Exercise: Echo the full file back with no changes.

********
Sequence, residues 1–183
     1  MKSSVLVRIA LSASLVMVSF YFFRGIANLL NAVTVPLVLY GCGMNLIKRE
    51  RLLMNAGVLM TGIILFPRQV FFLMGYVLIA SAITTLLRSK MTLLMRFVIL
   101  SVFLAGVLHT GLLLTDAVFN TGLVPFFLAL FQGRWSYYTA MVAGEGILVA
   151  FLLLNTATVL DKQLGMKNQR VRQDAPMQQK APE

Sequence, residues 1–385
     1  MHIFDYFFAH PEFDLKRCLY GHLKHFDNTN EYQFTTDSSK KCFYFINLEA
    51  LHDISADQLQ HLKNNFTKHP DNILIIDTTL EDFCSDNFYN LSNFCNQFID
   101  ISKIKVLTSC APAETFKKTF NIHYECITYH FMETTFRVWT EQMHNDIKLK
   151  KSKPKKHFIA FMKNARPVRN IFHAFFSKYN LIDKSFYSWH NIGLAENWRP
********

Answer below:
Sequence, residues 1–183
     1  MKSSVLVRIA LSASLVMVSF YFFRGIANLL NAVTVPLVLY GCGMNLIKRE
    51  RLLMNAGVLM TGIILFPRQV FFLMGYVLIA SAITTLLRSK MTLLMRFVIL
   101  SVFLAGVLHT GLLLTDAVFN TGLVPFFLAL FQGRWSYYTA MVAGEGILVA
   151  FLLLNTATVL DKQLGMKNQR VRQDAPMQQK APE

Sequence, residues 1–385
     1  MHIFDYFFAH PEFDLKRCLY GHLKHFDNTN EYQFTTDSSK KCFYFINLEA
    51  LHDISADQLQ HLKNNFTKHP DNILIIDTTL EDFCSDNFYN LSNFCNQFID
   101  ISKIKVLTSC APAETFKKTF NIHYECITYH FMETTFRVWT EQMHNDIKLK
   151  KSKPKKHFIA FMKNARPVRN IFHAFFSKYN LIDKSFYSWH NIGLAENWRP